Caring for students I believe that successful teachers establish a caring relationship with their students. Creating a supportive classroom environment generates a climate in which students are motivated to learn. Caring is also about sharing students' successes and their failures, being there when they need support and showing excitement at their successes. Students respond genuinely to genuine responses. To be successful, teachers should be honest with their students and share a little of themselves. A classroom needs to be a place where students are respected and encouraged to take risks but it should also be a place where there is laughter and fun. Laughter goes a long way in fostering positive relationships with students.
The significance of success in enhancing students' self-esteem cannot be underestimated. Success is a great motivator and all students should be succeeding in their courses. Ideally all students would show personal growth from participating in one of my courses, and leave more confident and self-assured than when they arrived. Where students are less successful, a good teacher will look to their own practice and reflect on ways to alter their teaching practices so that students have every opportunity to learn. Hence it is important to listen closely to students and respond to their feedback.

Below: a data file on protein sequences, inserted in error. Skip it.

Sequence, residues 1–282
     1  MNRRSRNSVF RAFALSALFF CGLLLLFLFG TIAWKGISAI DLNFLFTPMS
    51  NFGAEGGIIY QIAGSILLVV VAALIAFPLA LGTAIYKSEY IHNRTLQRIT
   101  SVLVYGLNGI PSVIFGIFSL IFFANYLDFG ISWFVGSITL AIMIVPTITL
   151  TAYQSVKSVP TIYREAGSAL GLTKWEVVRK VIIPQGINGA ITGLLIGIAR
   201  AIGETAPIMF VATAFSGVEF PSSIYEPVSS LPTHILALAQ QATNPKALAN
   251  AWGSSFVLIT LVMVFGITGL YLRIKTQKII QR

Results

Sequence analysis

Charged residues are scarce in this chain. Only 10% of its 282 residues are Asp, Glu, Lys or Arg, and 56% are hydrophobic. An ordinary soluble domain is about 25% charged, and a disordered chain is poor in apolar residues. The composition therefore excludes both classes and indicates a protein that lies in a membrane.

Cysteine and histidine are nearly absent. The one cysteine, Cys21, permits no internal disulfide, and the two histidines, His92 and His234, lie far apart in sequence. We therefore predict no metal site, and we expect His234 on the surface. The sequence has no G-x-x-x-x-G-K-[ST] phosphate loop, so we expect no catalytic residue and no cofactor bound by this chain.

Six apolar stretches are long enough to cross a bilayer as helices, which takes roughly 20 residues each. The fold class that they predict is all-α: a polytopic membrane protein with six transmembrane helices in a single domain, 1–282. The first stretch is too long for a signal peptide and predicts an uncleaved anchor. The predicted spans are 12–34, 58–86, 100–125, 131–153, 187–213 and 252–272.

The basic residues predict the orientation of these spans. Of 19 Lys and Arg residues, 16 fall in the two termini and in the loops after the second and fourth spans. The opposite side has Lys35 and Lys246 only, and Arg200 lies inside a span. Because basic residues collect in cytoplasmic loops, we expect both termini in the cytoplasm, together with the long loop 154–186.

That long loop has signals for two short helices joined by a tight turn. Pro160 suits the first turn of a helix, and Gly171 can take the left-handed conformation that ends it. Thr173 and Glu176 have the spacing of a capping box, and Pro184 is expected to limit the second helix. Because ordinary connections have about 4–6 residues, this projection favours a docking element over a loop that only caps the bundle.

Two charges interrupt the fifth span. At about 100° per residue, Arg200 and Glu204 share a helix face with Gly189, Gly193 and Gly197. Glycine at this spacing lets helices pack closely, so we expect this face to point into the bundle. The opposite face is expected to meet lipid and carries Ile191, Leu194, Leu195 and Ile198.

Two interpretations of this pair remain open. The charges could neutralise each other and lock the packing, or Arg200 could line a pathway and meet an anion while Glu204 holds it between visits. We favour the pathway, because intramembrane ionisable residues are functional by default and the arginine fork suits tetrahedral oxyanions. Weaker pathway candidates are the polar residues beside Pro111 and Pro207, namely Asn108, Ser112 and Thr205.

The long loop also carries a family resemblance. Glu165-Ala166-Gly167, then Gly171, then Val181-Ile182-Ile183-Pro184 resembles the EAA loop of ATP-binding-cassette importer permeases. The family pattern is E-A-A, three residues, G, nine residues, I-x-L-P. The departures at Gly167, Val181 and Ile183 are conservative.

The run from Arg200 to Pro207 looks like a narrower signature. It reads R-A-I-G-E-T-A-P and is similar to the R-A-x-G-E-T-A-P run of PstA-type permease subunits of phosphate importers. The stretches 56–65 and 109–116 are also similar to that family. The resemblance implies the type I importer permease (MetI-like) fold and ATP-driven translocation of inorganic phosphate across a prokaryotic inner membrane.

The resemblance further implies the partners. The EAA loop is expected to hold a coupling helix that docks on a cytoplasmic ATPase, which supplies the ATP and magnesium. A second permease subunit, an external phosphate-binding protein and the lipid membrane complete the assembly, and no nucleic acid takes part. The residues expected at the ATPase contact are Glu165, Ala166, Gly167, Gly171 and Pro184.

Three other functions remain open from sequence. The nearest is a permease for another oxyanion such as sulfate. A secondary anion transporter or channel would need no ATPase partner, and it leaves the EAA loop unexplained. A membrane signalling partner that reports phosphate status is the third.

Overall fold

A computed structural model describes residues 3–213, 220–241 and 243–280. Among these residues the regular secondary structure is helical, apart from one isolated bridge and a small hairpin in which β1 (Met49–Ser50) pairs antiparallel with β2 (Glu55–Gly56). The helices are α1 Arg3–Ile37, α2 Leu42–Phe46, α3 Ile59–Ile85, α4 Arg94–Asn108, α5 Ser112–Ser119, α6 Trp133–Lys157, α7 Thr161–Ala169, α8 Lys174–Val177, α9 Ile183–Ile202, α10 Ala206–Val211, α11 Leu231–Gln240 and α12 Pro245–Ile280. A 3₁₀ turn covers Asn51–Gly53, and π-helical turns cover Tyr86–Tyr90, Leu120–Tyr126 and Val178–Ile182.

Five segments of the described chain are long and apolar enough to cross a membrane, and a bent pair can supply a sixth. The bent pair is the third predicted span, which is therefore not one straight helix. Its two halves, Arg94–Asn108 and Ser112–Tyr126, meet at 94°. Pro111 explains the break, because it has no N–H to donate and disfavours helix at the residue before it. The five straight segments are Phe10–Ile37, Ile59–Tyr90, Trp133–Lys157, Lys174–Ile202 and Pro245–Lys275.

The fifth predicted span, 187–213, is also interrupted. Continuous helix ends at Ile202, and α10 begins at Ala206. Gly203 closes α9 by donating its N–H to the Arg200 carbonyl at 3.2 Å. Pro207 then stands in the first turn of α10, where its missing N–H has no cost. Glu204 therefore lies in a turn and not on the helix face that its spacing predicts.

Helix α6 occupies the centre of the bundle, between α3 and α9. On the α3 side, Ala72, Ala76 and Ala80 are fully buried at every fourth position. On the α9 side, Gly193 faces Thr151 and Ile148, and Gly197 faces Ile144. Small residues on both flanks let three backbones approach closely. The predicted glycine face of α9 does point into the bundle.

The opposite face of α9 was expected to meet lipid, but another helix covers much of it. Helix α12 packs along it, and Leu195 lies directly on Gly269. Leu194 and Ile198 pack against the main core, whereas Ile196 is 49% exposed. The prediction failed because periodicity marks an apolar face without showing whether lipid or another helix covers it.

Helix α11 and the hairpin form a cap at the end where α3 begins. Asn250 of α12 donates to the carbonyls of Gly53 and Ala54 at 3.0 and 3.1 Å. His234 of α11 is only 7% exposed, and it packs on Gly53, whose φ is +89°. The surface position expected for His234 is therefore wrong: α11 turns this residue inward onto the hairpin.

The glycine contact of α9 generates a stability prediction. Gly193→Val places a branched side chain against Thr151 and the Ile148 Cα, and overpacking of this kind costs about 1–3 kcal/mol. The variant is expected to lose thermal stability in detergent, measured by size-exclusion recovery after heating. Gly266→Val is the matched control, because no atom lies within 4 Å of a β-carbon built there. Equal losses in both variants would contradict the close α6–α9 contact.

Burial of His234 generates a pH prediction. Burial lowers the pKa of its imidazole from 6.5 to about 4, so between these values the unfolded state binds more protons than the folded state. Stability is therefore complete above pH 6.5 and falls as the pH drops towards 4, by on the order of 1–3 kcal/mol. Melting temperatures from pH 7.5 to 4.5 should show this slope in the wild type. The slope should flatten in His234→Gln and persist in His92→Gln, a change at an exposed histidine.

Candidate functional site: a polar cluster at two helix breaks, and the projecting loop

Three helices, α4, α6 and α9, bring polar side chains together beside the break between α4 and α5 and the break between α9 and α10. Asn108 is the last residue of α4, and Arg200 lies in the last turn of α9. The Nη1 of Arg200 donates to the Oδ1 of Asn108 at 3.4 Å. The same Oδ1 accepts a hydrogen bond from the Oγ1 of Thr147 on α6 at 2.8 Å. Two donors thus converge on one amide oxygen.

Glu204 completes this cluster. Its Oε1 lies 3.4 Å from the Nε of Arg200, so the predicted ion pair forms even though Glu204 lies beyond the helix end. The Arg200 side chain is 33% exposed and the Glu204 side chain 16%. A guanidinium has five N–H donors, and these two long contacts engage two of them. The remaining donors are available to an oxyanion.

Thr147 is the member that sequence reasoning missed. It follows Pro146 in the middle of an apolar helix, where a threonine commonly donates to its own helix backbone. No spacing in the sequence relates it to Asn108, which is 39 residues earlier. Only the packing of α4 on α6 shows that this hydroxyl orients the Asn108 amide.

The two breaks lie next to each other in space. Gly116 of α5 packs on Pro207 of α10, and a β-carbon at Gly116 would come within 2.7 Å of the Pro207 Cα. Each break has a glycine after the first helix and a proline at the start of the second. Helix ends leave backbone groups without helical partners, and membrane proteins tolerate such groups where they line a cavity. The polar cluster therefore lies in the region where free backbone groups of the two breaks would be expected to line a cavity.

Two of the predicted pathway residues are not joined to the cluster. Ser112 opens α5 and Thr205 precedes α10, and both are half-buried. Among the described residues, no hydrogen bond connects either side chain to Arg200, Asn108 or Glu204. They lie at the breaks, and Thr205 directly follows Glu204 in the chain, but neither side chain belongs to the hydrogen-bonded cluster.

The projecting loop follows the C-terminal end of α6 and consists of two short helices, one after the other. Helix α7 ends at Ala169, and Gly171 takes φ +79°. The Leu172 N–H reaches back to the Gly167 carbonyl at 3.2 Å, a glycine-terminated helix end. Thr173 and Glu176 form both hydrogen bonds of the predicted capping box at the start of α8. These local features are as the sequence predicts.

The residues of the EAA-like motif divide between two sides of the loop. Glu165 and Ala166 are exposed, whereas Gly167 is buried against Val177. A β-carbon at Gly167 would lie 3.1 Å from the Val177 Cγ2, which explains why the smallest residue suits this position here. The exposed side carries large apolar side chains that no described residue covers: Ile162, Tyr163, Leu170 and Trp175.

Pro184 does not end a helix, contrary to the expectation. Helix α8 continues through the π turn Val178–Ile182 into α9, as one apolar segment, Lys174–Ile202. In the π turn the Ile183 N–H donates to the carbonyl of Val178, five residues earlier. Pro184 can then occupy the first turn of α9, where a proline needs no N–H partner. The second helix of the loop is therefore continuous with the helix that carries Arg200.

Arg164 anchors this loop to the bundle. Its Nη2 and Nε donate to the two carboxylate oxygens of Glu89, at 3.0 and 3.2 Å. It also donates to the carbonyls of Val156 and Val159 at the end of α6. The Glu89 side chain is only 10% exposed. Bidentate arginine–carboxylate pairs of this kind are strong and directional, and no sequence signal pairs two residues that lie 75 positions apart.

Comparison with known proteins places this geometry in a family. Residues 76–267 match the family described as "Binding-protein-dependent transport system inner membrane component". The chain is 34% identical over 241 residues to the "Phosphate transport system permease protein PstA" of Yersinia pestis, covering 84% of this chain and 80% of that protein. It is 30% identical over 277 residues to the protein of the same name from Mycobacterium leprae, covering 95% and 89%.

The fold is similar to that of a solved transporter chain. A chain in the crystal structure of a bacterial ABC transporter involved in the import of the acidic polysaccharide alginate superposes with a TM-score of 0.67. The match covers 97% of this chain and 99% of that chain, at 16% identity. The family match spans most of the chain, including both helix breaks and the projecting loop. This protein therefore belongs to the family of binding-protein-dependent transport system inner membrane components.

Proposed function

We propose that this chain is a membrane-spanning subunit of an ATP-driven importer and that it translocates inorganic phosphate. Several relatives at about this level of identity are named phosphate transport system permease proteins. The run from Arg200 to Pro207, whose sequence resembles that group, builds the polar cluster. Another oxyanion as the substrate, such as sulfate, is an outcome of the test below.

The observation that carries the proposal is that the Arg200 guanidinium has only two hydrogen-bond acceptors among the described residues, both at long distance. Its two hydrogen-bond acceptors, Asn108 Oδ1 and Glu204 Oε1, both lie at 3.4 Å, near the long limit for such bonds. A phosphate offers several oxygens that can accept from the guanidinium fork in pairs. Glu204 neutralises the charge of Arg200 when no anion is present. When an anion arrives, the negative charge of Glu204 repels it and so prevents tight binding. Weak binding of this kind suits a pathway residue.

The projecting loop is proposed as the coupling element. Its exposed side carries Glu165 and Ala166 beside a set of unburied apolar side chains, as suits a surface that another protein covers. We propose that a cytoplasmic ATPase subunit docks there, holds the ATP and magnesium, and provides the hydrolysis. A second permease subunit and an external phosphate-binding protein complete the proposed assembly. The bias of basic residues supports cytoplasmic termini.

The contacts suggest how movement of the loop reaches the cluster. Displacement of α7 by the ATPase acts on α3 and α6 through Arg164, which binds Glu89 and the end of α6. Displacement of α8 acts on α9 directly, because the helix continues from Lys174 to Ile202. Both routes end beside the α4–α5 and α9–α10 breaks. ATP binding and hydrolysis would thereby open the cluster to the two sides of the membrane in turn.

Accounting for individual needs
Our society has become increasingly diverse. Therefore teacher education students should come from an increasing range of social and cultural backgrounds in order to cater for a varied student population. To teach effectively in a changing university environment, teaching style must change from the traditional transmission approach. Students need a wider range of opportunities to learn. Cooperative approaches in lectures, tutorials and assignments can sit alongside the more conventional individualised approaches. Some students may need additional assistance to be successful and so it is important for the teacher to provide encouragement and to create a classroom environment where peer support and friendships are fostered and promoted.